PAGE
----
Eddie Rafferty: The Pursuit of Happiness
South Africa's people and places are captured with colour and invention in this career-spanning showcase bringing intrigued masses to Banbridge
It’s the self conscious play of the hands, the downward cast of the eyes, the edgy pose on the chair that makes Eddie Rafferty’s portrait of Betty, a maid from Pretoria, South Africa, so telling. Betty’s place in an affluent home is a simple work space, ironing board at the ready, the window opening onto lush gardens beyond. The 'Man Looking for Work' has dressed in his Sunday best suit, albeit a touch too big, and is standing tall, expectant, in the middle of the frame. The two men slumped silently on a sofa in 'The Sun Rises and the Sun Sets and Time Waits for No Man' seem resigned to watching the world go by.
With his eye for detail and a natural empathy for his fellow human beings, Rafferty really gets under the skin of his South African subjects. Although the first in a series of larger-than-life heads, the one he calls 'Disco Dancer' was made in London in 1996, while the others depict strong characters he met during his first days in Johannesburg in 2002. They include a street hawker, a guy called Philimon and a Zimbabwean refugee who tried to rob him. Etched on steel, their faces are not black but bronzed, their portraits enhanced by the delicately drawn detail of their shirts and jumpers.
'Philimon', 2002, Etching on steel, 51 × 53 cm
Rafferty’s choice of South Africa as a destination for his first international art residency was not entirely serendipitous. When his uncle was serving with the South African Rifles, he met and married a Ugandan lady and brought her back to Gilford, County Down. Eddie’s brother has been working in the oil industry in Nigeria for the last 30 years. Following that first visit to the Bag Factory studios in Johannesburg Rafferty has been back to South Africa nine times working as an artist in residence with prison inmates and hospital patients like Violet whose progress at the Weskoppies mental hospital in Pretoria he charts in a series of acrylic paintings on wood and paper.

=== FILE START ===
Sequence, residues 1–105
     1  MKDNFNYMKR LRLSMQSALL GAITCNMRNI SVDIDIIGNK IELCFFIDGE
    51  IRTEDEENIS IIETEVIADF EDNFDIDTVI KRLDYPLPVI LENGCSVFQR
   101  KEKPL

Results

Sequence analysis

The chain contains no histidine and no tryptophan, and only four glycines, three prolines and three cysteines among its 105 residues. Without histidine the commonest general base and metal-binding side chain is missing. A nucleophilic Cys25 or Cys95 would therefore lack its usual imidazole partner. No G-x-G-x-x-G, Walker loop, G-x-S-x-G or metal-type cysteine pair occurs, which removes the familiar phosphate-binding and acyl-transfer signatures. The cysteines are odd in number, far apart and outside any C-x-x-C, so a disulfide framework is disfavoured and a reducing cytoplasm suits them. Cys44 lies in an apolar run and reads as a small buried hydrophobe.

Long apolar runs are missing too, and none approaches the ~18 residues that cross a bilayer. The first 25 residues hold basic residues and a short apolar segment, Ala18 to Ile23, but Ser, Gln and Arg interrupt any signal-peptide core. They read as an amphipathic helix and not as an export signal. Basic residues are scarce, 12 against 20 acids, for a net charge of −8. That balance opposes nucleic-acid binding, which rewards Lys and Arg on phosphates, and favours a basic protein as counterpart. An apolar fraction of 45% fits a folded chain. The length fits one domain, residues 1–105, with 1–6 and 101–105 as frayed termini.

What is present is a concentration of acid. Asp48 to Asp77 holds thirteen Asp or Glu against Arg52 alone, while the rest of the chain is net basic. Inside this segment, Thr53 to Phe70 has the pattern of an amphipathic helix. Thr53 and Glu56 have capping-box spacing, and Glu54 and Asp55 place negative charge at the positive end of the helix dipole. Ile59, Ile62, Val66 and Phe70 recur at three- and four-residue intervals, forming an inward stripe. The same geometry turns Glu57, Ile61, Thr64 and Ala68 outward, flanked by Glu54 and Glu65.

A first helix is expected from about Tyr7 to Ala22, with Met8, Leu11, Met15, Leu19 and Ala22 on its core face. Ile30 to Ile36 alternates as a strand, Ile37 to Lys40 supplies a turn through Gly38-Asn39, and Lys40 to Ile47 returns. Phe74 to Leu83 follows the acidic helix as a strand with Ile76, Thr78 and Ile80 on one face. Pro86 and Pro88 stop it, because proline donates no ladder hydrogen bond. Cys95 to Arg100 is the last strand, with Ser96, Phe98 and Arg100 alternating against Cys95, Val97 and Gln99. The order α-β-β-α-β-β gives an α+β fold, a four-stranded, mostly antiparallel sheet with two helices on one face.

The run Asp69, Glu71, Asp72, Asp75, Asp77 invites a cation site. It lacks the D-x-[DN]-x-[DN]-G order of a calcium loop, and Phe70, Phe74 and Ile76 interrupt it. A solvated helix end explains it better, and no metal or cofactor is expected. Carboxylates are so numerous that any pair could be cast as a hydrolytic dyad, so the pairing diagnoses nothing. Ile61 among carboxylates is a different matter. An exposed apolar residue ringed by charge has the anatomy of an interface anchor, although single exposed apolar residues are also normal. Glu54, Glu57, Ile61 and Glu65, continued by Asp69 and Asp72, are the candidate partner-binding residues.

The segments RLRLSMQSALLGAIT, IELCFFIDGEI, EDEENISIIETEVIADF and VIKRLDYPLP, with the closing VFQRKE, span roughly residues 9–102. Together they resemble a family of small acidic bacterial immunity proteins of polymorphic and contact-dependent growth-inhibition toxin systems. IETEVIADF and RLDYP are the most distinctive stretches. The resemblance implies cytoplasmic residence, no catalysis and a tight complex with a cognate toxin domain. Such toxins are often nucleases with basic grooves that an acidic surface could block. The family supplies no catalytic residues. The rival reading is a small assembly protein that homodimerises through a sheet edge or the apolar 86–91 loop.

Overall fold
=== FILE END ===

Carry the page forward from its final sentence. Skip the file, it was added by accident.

Always on the look out for stories and people to paint, the artist is in his element in the red earthed townships of Soweto or Orlando. From among the maze of sun-drenched tin shacks he picks out the African Multi Shop general store, Zama’s hair salon, the tailor Solly Mogale’s workshop or one of the shebeens and bars where men gather to watch football as they did when South Africa hosted the World Cup in 2010. Sometimes he uses an actual page from The Daily Sun newspaper as a canvas; sometimes he composes a scene like South Africa v Mexico as a brightly coloured paper collage. Rooting around on a dump in Orlando, Rafferty found some matchboxes, collector’s items designed to celebrate famous South African footballers. The full series of African greats numbered 21 but the three Rafferty found are reproduced as lithographs attached to a large Shell sign in 'Matchbox Stars'.
'Matchbox Stars', 2005, Metal signage with 3 lithographs, 91 × 183 cm
Rafferty likes to point up the similarities between life in Africa and life in Ireland. There’s often a cock fight in the townships just as there is in the County Down countryside; there’s talk of cures and charms and of superstitions. Tokoloshe is a Zulu spirit, a bit like an Irish banshee, who comes in the night to steal people away, so they raise their beds on bricks hoping that will protect them. This story is illustrated in an etching framed by a rusty metal box which was once part of a farm tractor.